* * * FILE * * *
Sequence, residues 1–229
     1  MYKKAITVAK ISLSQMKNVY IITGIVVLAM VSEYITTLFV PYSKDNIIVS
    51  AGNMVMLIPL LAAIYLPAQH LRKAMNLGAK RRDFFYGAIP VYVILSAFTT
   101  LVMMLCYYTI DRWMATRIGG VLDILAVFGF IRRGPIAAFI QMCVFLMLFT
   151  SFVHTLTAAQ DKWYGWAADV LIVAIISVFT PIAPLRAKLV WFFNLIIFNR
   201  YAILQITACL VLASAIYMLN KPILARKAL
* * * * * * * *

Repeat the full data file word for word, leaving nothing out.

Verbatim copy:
Sequence, residues 1–229
     1  MYKKAITVAK ISLSQMKNVY IITGIVVLAM VSEYITTLFV PYSKDNIIVS
    51  AGNMVMLIPL LAAIYLPAQH LRKAMNLGAK RRDFFYGAIP VYVILSAFTT
   101  LVMMLCYYTI DRWMATRIGG VLDILAVFGF IRRGPIAAFI QMCVFLMLFT
   151  SFVHTLTAAQ DKWYGWAADV LIVAIISVFT PIAPLRAKLV WFFNLIIFNR
   201  YAILQITACL VLASAIYMLN KPILARKAL